One-tenth of UK companies raising prices as costs rise: Official data


According to official data, one-tenth of UK companies have raised prices to offset the increased costs caused by the supply chain crisis.

In the last two weeks, 10% of UK companies have reported that the prices of goods or services sold have risen above normal price fluctuations. National Bureau of Statistics (ONS) Thursday.

Nearly one-third (29%) of companies find that costs for materials, goods and services are higher than normal, with construction, service and manufacturing companies suffering the worst.

This happens amid rising signs of inflation rampant in the UK, with energy prices skyrocketing and prices more commonly rising in the economy.

Price increases are exacerbated by labor shortages as companies struggle to fill vacancies.

According to ONS data, 41% of UK companies with more than 10 employees reported that it was difficult to fill vacancies last month compared to normal expectations during this period.

Of the companies that reported the impact on imports, 22% said that a shortage of carriers or logistics equipment to transport goods led to business activities in early September, compared to 11% in April. He said it brought challenges.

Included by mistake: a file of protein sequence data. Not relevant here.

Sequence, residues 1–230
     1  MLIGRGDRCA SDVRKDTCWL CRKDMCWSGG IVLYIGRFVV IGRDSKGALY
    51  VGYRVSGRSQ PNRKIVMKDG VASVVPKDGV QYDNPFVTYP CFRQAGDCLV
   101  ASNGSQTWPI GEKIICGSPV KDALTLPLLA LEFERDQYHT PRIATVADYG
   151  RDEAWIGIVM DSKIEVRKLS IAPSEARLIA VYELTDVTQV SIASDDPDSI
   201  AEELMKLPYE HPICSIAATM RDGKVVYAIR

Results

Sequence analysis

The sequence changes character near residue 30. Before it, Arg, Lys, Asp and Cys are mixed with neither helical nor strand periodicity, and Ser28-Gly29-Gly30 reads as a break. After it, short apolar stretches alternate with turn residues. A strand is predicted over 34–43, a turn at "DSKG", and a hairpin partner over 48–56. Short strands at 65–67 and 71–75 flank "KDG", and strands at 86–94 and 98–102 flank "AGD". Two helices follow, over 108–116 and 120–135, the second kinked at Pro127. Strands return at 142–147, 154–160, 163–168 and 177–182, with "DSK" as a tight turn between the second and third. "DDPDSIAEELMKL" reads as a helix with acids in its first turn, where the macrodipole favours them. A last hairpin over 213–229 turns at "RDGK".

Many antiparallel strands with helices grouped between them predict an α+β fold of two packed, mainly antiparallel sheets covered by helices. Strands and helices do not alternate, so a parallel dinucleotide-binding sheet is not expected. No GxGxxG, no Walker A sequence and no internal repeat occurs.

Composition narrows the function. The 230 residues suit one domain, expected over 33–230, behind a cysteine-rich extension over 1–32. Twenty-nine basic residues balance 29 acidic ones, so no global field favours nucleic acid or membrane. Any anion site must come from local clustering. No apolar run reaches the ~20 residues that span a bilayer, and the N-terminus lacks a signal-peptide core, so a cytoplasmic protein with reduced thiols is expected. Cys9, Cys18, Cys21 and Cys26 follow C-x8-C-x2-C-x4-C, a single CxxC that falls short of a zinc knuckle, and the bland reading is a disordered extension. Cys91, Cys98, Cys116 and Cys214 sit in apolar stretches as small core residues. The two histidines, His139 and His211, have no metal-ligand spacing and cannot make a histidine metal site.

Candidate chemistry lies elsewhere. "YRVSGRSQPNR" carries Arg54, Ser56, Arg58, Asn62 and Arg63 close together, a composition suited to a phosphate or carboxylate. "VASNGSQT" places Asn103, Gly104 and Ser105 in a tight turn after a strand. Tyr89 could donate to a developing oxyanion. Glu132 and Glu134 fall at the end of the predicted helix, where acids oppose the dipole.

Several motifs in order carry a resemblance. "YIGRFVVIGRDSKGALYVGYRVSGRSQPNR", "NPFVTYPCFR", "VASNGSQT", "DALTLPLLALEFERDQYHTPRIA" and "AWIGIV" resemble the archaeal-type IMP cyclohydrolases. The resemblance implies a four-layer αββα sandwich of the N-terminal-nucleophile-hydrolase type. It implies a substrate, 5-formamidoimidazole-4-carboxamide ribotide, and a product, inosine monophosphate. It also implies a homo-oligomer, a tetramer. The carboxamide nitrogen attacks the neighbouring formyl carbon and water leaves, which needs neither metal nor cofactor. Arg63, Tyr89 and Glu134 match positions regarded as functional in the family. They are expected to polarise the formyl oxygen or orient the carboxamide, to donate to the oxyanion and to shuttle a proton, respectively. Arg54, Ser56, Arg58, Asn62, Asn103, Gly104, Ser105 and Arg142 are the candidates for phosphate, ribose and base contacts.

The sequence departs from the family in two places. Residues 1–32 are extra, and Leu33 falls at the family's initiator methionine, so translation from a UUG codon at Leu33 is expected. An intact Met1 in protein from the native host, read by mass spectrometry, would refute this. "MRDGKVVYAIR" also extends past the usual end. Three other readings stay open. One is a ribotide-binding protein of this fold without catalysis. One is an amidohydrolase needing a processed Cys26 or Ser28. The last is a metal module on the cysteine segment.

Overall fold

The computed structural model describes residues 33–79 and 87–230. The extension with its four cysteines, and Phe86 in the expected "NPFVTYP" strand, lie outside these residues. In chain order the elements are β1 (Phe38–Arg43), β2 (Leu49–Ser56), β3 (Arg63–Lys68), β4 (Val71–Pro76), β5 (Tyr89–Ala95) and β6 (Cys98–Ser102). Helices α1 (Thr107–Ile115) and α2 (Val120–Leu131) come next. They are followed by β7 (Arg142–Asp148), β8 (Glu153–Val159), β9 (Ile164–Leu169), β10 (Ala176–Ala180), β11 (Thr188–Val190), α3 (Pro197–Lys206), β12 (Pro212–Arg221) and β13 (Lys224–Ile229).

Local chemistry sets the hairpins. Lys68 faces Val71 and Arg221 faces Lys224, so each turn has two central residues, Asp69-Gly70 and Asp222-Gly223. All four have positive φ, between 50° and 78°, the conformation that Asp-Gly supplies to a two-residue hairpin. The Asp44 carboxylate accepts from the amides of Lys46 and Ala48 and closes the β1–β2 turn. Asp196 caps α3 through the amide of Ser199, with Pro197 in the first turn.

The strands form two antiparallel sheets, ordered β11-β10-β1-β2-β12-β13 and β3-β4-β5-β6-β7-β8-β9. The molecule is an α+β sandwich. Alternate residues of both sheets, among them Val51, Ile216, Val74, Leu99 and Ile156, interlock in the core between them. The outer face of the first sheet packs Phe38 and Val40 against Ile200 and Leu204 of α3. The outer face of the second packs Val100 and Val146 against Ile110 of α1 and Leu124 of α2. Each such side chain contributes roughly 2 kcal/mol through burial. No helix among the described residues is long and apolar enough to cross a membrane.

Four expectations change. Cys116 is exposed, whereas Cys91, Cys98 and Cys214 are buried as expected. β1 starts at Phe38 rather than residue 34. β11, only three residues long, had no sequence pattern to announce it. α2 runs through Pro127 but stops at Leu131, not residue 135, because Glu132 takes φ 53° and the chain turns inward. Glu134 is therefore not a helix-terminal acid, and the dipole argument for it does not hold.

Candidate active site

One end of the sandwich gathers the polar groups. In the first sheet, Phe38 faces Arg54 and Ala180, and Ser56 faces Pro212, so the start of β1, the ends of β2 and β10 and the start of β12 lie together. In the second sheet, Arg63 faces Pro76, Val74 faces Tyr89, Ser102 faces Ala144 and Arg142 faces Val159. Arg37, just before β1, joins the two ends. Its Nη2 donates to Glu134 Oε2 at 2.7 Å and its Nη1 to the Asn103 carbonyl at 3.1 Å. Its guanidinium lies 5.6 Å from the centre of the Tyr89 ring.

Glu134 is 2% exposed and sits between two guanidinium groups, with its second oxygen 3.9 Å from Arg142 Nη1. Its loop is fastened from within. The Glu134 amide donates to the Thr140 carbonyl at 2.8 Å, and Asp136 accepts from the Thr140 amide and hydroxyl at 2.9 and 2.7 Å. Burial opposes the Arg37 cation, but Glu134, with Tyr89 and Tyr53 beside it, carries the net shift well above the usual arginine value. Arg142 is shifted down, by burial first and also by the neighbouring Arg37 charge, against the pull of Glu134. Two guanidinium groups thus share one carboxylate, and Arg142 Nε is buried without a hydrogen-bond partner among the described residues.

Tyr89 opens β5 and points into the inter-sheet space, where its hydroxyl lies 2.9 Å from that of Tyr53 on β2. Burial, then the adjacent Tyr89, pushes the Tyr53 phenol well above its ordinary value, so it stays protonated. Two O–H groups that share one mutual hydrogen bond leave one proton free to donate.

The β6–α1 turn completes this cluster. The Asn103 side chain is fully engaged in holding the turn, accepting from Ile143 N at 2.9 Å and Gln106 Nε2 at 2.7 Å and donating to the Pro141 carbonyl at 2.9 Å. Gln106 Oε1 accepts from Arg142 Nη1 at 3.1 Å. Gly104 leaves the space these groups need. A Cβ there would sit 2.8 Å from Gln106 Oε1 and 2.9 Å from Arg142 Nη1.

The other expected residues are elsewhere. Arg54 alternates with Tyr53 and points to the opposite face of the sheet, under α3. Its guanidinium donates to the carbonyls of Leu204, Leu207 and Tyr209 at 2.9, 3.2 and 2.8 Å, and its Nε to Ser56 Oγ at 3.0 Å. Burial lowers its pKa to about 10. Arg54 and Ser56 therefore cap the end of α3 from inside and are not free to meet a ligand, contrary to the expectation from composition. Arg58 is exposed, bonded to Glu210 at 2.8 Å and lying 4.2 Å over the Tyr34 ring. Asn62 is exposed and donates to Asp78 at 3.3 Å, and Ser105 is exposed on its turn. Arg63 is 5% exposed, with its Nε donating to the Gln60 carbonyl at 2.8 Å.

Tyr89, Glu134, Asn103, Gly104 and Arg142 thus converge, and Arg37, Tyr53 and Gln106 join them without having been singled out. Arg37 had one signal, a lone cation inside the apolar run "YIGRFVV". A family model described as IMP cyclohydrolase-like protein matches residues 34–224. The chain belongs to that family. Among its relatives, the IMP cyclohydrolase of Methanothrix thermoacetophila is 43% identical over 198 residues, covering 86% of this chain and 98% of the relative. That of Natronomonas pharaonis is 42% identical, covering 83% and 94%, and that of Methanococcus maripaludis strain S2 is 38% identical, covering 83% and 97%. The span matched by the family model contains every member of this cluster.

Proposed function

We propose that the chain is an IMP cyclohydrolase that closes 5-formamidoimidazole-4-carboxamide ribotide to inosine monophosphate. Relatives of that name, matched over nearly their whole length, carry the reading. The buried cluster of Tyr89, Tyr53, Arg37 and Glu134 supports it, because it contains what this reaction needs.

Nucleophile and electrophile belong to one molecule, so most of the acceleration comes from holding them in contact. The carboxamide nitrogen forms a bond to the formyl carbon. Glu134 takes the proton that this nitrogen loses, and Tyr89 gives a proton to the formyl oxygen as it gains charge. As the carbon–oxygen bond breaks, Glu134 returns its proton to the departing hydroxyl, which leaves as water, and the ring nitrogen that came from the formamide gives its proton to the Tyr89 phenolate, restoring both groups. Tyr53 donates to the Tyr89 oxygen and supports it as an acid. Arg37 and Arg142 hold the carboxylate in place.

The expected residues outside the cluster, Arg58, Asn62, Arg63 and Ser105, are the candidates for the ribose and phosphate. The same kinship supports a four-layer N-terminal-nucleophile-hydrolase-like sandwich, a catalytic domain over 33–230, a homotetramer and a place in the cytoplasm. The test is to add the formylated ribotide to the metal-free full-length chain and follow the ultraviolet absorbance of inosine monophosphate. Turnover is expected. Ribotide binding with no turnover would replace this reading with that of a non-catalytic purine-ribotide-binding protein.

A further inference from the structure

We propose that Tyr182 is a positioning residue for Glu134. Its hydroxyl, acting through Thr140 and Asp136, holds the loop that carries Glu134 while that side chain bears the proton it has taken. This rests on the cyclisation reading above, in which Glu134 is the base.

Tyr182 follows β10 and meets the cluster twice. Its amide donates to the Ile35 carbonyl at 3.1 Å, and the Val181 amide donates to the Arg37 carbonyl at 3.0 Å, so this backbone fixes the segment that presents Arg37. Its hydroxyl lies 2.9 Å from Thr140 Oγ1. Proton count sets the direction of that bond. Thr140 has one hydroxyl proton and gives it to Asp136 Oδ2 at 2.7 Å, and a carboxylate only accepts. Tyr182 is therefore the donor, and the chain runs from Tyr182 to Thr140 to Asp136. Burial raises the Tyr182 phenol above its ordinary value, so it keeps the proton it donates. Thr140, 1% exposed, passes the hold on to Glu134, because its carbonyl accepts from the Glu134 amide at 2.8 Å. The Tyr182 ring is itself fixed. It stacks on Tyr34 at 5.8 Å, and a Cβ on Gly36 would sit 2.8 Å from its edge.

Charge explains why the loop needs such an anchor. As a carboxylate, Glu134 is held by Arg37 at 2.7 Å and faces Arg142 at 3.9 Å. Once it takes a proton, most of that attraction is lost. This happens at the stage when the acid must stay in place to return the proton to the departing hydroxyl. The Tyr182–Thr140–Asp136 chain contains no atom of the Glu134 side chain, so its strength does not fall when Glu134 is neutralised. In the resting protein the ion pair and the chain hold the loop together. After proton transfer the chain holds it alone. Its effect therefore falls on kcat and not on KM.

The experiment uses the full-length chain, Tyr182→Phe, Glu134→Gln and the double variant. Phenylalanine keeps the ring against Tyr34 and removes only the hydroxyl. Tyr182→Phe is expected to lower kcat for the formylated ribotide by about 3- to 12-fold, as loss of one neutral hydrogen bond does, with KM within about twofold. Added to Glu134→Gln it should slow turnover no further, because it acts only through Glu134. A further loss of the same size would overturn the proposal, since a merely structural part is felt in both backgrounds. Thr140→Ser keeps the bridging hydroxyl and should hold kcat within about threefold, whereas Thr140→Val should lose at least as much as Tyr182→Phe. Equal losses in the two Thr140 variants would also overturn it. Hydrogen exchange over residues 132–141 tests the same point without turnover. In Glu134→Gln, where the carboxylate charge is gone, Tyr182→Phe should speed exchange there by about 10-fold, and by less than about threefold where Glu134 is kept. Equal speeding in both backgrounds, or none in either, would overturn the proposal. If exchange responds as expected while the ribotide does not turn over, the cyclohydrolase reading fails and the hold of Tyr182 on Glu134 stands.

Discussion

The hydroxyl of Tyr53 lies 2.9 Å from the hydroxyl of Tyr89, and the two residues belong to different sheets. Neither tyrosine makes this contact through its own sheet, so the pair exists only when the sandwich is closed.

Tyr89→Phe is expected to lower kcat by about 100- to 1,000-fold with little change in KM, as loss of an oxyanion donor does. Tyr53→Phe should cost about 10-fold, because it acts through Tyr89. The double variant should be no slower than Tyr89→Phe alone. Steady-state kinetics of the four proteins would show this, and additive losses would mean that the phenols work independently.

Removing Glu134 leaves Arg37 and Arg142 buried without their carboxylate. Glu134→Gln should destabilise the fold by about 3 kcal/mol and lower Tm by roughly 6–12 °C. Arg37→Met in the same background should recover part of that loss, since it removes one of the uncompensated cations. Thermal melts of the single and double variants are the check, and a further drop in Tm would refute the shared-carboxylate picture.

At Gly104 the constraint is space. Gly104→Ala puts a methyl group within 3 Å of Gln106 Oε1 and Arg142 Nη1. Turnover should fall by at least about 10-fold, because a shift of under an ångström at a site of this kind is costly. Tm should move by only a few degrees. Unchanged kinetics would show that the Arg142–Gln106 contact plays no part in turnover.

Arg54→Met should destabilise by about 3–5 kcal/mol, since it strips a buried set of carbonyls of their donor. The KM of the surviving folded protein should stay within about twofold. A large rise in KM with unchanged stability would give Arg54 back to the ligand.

In a speech at the Conservative Party meeting Wednesday, Prime Minister Boris Johnson defended his strategy of limiting the supply of foreign workers after Brexit, and his government made the country “high wages” and “low taxes.” He said he was trying to move towards. “Economic model.

But a conservative think tank has blown up his economic plan, they say, which only leads to further price increases and worse labor shortages.

The Adam Smith Institute, a free market think tank, described Johnson’s speech as “exaggerated but empty and economically illiterate.”

“Raising the minimum wage risks increasing inflationary pressure and keeping the most vulnerable people out of work,” said Matthew Resch, director of research at the institute.

Even the International Energy Agency (IEA), a conservative think tank that has supported Britain’s exit from the EU, has criticized Johnson for “unnecessarily limiting the supply of labor.”

Mark Littlewood, IEA Secretary, said: Strategies that make things more expensive do not create a truly high wage economy, but merely an illusion. “

PA contributed to this report.

Alexander Chan

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